That process begins with a request made to a warden by or on behalf of a prisoner, based on one or more of the USSC eligibility criteria – including age, medical conditions or family circumstances. There is no form, nor even a requirement that the request be in writing. But it must include a release plan detailing where the prisoner will live and how his living expenses and medical needs will be met.
The request is then reviewed by the warden, a medical team and the probation office; the latter must inspect the proposed living situation for the released prisoner. There is no time frame designated for completion of this review, only that it be done in a “timely manner.”
Once a request receives a warden’s approval, it must then be approved by the BOP’s medical director – in cases based on medical needs – and/or its Correctional Programs Division, which reviews all other bases for the request. The BOP’s General Counsel also asks for an opinion from the Assistant U.S. Attorney in the district where the prisoner was convicted.
If approved by the General Counsel, the request goes to the BOP Director, who most often forwards it for an additional review by the Office of the Deputy Attorney General. After crossing that hurdle, if approved it returns to the General Counsel, who drafts a motion to reduce the prisoner’s sentence for the U.S. Attorney to file in the appropriate district court.
The judge may still deny the request, or place the prisoner on supervised release. If at any stage the request is denied by the BOP, there is an Administrative Remedy Process to appeal the denial within the agency, but no opportunity for a court to intervene and the BOP’s determination is final.
It was to prompt prison officials to grant more compassionate releases that the USSC again expanded the criteria defining “extraordinary and compelling” circumstances in 2016. Under Amendment 799, which went into effect November 1, 2016, the USSC changed the criteria to allow more prisoners to qualify for compassionate release – even those without terminal illnesses. The USSC said the amendment’s purpose was to “broaden certain eligibility criteria and encourage the director of the Bureau of Prisons to file a motion for compassionate release” in appropriate cases.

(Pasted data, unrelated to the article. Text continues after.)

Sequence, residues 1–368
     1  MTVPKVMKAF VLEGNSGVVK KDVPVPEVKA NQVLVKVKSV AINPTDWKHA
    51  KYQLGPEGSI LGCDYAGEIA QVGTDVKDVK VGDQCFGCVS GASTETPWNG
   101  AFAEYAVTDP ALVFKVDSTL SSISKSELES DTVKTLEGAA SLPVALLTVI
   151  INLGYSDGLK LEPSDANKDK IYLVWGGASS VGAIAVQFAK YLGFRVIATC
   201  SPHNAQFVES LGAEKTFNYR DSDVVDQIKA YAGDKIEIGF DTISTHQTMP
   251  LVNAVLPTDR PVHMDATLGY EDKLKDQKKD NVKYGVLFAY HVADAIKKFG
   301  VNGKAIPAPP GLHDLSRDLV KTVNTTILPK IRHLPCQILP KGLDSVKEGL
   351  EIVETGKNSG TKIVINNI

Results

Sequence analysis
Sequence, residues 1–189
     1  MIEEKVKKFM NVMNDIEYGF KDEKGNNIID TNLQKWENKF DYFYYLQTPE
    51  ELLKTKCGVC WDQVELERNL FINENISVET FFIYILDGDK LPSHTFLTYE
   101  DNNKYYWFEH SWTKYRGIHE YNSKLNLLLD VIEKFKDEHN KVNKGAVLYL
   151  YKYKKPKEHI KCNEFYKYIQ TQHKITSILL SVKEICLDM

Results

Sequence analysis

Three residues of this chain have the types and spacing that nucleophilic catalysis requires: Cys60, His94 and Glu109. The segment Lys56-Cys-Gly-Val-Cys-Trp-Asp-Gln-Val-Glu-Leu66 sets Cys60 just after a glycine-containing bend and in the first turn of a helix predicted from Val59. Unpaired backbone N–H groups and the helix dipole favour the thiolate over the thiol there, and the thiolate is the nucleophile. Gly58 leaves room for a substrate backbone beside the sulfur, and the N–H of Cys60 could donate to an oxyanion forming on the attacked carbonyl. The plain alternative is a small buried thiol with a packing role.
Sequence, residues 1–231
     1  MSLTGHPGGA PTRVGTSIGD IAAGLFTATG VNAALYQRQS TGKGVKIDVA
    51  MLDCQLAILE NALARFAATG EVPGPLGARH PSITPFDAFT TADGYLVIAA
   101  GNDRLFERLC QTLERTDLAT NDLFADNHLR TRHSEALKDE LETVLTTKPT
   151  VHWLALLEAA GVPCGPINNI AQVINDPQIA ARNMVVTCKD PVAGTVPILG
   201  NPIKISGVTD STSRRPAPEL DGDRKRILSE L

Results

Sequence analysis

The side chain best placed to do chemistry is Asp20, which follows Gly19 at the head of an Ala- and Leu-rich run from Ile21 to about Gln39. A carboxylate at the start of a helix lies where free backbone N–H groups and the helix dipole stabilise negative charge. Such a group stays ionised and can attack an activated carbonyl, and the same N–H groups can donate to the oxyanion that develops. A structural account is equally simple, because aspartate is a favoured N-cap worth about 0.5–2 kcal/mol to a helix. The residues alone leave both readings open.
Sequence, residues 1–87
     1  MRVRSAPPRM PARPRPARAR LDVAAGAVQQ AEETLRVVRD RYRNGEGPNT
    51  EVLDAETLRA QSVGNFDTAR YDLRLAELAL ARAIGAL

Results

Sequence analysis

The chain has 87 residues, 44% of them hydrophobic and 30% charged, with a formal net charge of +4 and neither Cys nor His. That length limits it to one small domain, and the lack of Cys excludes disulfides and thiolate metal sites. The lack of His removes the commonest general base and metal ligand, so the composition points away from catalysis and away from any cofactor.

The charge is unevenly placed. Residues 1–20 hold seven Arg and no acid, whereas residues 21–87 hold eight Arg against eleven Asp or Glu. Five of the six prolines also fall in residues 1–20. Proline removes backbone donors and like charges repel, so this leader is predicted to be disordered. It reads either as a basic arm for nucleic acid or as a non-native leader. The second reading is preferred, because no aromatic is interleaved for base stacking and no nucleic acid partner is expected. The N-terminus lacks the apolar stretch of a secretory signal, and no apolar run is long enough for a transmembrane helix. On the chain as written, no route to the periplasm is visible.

Perhaps another reason the BOP denies so many compassionate release-eligible prisoners is because its policy relies on the old criteria. Program Statement 5050.49, which has not been updated since March 2015, still requires BOP staff to follow the more restrictive criteria in place prior to the USSC’s 2016 amendment.
“We are disappointed but not surprised,” said Kevin Ring, president of Families Against Mandatory Minimums, a non-profit advocacy group, which pushed Congress and the USSC to broaden the compassionate release criteria.
“Early release will help ease overcrowding and save money,” Ring noted.
Medical costs for prisoners over age 55 are five times higher than for younger prisoners. The BOP’s share of these older prisoners is expected to rise from 12% of the federal prison population to 30% by 2019. The agency spent $1.3 billion on prisoner health care last year.
Most states have a similar compassionate release program in their prison systems, sometimes called medical parole. In March 2018, South Dakota’s governor signed into law a bill that creates a compassionate release process for prisoners who are terminally ill, “seriously ill and not likely to recover” or “require extensive medical care or significant chronic medical care,” and are at least 65 years old and have served at least ten consecutive years.
Sources: www.reason.com, www.learnliberty.org, www.thehill.com, www.famm.org, www.themarshallproject.org, www.hrw.org